Last updated on May 13th, 2019 at 02:35 pm
Almost one year ago to date, I wrote a column for Small Business Times in which I cited a study by the American Association of Occupation Health Nurses Inc. (AAOHN). The study revealed that only 2 percent of the working population claim to have participated in an employer-sponsored weight management program.
Despite the low participation rate, the AAOHN put a positive spin on the results by reporting that of those who participated, 50 percent reached and maintained their weight-loss goals.
I have to admit that for the purposes of promoting workplace weight management programs, I concurred that these findings were significant. But let’s be realistic. If only one half of 2 percent of the working population are reaching their weight loss goals, we’re not making a lot of progress.
There are very few of us whose lives are not touched in some way by the struggles that go with overeating, dieting, exercising and body image. Sixty-five percent of all adults are now considered to be overweight (10 to 30 pounds above what is considered ideal weight). Of that number, more than 30 percent are obese (more than 30 pounds overweight).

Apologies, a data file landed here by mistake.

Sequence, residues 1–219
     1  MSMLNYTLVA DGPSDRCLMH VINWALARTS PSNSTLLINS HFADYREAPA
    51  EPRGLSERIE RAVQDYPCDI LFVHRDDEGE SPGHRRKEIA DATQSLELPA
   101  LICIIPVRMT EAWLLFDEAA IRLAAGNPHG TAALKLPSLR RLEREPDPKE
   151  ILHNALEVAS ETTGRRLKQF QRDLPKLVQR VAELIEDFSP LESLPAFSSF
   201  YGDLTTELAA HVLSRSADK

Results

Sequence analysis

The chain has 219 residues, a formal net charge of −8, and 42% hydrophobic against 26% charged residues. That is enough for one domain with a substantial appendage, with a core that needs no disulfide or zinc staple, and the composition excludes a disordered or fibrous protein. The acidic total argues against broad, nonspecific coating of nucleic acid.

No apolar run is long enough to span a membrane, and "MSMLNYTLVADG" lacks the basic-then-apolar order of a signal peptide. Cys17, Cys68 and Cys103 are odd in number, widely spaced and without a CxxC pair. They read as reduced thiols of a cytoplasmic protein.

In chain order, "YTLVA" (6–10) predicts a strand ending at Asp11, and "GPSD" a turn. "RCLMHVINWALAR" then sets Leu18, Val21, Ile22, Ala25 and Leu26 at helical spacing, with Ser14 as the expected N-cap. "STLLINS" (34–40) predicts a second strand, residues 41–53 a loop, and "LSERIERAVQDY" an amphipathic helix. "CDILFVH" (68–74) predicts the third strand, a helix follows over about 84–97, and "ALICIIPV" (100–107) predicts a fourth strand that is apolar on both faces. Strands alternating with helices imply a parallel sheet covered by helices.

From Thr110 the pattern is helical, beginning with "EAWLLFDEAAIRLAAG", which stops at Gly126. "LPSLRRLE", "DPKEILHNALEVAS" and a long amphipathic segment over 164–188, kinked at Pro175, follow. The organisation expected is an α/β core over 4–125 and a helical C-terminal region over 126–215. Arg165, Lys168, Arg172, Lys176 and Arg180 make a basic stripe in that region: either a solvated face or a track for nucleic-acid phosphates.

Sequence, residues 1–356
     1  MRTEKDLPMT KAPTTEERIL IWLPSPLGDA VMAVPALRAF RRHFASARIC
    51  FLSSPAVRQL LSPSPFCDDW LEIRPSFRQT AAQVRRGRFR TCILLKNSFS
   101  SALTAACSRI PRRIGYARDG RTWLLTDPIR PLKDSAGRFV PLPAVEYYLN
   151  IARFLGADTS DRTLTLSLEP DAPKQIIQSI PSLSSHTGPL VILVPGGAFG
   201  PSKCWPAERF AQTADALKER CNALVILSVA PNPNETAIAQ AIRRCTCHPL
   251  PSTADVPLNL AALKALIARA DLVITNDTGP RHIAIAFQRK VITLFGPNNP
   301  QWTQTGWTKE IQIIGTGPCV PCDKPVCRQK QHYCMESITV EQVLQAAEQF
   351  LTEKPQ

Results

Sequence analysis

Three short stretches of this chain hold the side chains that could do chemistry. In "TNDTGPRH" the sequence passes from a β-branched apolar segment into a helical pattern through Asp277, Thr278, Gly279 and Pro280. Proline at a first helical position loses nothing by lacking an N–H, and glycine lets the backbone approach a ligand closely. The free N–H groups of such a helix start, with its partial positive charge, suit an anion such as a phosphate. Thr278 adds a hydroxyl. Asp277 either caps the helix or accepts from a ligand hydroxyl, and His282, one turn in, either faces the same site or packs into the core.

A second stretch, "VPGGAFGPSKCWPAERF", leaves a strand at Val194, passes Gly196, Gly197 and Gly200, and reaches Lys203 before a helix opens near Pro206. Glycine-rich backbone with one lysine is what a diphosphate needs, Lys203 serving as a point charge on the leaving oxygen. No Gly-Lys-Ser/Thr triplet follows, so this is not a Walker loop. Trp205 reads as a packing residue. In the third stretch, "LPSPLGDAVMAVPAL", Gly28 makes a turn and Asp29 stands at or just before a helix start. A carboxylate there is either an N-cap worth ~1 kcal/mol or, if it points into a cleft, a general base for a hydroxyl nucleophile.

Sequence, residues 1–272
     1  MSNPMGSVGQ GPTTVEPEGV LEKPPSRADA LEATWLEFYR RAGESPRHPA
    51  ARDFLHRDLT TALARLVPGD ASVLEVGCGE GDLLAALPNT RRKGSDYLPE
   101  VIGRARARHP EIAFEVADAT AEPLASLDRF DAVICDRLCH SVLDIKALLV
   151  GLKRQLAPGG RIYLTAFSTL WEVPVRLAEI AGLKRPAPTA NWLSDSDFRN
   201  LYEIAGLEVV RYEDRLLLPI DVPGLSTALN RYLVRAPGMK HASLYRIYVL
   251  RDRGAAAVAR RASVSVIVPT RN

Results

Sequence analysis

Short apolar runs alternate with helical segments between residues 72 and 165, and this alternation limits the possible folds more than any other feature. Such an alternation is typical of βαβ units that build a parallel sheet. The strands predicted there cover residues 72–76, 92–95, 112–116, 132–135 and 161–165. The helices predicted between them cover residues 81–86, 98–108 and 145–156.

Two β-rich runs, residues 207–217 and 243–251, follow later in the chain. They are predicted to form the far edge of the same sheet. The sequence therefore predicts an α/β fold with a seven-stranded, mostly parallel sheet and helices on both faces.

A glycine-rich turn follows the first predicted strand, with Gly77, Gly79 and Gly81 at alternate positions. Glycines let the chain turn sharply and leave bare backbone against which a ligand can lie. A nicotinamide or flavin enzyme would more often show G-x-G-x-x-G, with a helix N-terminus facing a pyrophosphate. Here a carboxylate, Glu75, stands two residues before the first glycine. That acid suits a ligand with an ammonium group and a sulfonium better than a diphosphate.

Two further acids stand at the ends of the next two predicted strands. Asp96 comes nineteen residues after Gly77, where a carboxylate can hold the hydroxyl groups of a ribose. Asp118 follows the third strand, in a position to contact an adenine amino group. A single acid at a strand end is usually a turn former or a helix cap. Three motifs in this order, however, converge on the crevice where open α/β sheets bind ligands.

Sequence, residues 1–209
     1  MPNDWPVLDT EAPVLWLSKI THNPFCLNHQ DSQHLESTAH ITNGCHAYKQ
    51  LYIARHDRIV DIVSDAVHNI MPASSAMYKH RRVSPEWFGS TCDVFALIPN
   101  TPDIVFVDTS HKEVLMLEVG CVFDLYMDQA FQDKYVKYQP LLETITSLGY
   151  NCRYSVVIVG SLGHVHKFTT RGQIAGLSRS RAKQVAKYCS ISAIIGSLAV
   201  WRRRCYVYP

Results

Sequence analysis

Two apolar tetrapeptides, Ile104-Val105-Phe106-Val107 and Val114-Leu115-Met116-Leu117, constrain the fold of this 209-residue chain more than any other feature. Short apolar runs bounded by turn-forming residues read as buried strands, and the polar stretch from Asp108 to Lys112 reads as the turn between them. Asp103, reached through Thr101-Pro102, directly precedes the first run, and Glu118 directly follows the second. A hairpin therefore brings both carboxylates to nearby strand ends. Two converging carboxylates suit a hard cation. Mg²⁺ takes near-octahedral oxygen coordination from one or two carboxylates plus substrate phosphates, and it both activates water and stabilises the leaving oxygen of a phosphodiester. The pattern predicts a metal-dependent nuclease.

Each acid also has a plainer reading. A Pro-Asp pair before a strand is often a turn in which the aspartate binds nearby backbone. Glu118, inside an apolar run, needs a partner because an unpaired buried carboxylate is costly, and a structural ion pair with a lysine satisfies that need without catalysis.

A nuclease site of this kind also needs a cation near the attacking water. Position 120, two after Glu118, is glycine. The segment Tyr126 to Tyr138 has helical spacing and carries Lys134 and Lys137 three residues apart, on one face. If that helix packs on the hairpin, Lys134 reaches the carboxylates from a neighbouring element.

Childhood obesity has almost tripled in recent years, from 6 percent in 1980 to more than 15 percent in 2002. And according to the Federal Trade Commission, Americans spend over $30 billion a year on weight-loss products. Although workplace wellness programs are raising employee awareness of the importance of healthy lifestyles, we’re missing the boat in helping the 100 million Americans now considered to be overweight.
How can we be making so little headway in a nation that is obsessed with weight and body image? Our lack of progress may in part be our dependence on outdated science. Science sees the human body as a machine, requiring fine tuning and calibration. Thus, scientists have issued recommendations about exactly how many calories, calibrated to age, height and activity are needed to achieve a certain weight. The traditional view of weight control is a simple mathematical relationship between caloric intake and caloric expenditure. It doesn’t take into account the complex interaction of emotional, psychological and cultural factors that determine how, when and why we eat. The comparison of the body to a machine is old science.